James Harris Jackson, a 28-year-old Maryland army veteran and admitted white supremacist, stalked an unidentified black man in Hells Kitchen on Monday night before fatally stabbing 66-year-old Timothy Caughman, also black, according to media reports.
Jackson, who stabbed Caughman multiple times around 11:30 p.m. on Monday night, told investigators that he was deterred from the other man when something "spooked" him, according to the Daily News. Jackson's account reportedly tracks with surveillance footage collected from Hell's Kitchen.
"He appeared to be very close, following a black guy," a police source told the tabloid. "He slows down and at one point he turned around and came back. It's clear he was really focused on the guy for some time. Then, he falls out of camera view and doesn't attack the guy. He made statements that he was following the guy but something spooked him."
A spokeswoman for the NYPD declined to comment on these allegations on Thursday.
Caughman, a bottle collector who filled his Twitter account with celebrity selfies, was rummaging through recycling near the intersection of West 36th Street and 9th Avenue when Jackson attacked him with a 26-inch black "mini-sword," according to the NYPD.
"He was roaming through the streets," Manhattan Chief of Detectives William Aubry said of Jackson, on Wednesday. "Our victim happened to be going through garbage on the sidewalk. There happened to be no one else around."
Caughman managed to walk to the Midtown South Precinct for help but died around 1:00 a.m. at Bellevue Hospital. Jackson fled the scene; the Daily News reports that he cleaned up in a nearby McDonald's.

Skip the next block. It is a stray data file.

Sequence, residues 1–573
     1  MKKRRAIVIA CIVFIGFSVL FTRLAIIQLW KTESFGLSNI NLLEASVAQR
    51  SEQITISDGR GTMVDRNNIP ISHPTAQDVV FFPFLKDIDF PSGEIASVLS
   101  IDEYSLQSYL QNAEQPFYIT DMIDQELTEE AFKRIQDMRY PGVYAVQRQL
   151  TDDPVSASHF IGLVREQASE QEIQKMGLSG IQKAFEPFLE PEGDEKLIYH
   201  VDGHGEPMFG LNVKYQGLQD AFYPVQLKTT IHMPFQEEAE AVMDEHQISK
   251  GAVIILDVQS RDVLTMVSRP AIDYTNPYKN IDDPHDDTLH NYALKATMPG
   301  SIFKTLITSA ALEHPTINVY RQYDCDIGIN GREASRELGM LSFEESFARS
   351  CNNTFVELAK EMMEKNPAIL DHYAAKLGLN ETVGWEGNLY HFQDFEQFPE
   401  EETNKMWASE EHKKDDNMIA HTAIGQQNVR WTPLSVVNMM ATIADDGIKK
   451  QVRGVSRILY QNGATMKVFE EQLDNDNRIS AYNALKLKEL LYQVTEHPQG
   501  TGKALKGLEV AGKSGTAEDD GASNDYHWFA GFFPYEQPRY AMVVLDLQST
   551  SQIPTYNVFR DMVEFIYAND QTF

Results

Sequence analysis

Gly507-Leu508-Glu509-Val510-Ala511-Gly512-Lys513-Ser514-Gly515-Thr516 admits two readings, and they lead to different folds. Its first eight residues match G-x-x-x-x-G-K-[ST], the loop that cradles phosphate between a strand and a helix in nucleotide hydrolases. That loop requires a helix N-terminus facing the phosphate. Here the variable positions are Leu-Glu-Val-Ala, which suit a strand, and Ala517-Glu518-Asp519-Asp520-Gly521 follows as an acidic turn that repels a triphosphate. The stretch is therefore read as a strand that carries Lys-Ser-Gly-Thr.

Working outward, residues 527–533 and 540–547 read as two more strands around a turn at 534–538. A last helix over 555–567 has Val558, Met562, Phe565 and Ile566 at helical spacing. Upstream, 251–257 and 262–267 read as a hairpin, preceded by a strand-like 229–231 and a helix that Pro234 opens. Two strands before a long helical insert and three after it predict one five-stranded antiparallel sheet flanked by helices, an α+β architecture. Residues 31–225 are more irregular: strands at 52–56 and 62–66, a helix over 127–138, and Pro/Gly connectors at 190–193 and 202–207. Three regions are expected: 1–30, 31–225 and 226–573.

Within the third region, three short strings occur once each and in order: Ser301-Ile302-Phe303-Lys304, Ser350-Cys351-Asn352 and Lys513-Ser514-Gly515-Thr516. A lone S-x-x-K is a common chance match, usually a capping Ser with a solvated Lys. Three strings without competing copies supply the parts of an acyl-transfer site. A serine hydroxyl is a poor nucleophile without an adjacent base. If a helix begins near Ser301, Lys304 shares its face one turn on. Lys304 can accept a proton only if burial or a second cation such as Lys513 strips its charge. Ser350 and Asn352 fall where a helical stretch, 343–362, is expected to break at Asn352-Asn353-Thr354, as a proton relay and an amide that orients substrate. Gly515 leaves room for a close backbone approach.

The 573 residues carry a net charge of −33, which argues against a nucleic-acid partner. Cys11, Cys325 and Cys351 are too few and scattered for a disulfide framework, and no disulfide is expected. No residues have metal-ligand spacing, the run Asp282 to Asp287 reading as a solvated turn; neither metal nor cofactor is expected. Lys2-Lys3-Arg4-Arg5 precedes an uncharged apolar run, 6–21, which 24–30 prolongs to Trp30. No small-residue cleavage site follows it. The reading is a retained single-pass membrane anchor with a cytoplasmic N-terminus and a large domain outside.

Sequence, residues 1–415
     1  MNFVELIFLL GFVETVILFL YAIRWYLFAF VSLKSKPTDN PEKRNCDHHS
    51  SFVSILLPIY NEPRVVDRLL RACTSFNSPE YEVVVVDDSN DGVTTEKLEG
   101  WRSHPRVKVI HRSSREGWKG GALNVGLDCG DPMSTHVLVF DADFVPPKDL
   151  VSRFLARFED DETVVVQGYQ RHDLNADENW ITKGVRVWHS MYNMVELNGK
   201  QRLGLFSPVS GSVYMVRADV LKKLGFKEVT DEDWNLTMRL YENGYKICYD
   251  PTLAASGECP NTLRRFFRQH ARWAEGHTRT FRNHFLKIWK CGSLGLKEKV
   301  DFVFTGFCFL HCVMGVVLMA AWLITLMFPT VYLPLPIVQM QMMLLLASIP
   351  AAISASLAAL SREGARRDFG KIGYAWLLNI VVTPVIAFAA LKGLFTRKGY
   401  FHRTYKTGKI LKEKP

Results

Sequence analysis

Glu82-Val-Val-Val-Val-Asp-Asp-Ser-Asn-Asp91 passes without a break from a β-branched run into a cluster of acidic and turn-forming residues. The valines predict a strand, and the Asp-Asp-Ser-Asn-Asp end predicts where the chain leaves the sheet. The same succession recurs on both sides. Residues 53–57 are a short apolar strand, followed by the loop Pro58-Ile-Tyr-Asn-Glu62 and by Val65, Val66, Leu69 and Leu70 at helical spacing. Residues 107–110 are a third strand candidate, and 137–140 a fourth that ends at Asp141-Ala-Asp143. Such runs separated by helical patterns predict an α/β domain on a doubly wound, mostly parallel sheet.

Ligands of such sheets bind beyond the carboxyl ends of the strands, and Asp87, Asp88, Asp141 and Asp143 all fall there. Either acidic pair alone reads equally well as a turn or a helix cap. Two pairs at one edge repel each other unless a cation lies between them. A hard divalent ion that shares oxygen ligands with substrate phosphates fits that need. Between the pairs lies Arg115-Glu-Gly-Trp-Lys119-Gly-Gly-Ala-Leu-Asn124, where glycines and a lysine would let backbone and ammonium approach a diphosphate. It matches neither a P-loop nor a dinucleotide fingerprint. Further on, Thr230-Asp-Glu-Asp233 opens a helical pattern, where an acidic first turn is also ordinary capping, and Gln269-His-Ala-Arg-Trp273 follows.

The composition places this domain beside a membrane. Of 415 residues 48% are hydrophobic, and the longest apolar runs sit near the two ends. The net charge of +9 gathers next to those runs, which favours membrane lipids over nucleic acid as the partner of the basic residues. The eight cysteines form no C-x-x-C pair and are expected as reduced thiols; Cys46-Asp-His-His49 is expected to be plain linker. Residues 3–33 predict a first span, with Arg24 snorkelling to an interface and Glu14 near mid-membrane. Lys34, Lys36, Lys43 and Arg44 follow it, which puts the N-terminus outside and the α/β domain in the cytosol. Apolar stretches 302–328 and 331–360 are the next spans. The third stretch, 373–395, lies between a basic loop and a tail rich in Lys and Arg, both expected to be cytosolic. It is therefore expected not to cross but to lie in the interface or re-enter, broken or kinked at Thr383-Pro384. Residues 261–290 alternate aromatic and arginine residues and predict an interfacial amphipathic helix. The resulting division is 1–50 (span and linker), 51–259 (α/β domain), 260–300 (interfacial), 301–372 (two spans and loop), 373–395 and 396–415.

"On Monday evening an innocent man was stabbed to death in what appears to be an unprovoked attacked prompted by the victim's race," Mayor de Blasio said in a statement Wednesday. "More than an unspeakable human tragedy, this is an assault on what makes this the greatest city in the world: our inclusiveness and our diversity."
Chief Aubry told reporters that Jackson took a Bolt bus to NYC last Friday, with the express purpose of targeting black men. An army veteran who reportedly served for three years in the early aughts, including a tour in Afghanistan, Jackson had allegedly harbored a hatred of black men for nearly a decade. He intended to deliver a manifesto "explaining his desire and plans" to the New York Times, a source told that paper.
"He picked New York because it's the media capital of the world and he wanted to make a statement," Aubry said.
Jackson turned himself in at the Times Square police station shortly after midnight Wednesday morning. He told police, "I'm the person you're looking for," and revealed knives in his pockets, according to the NYPD.
The Daily News reports that Jackson had spent some time at the main branch of the New York Public Library on Fifth Avenue Tuesday, reading about the murder online. He also told police that he belonged to a white supremacist group, according to multiple reports. The NYPD has not confirmed the name of the group, but reportedly confiscated Jackson's laptop and cellphone.
Jackson has been preliminarily charged with second-degree murder, but has yet to be arraigned. Aubry said Wednesday that the NYPD is "working with" the Manhattan DA's office to upgrade the charge to a hate crime.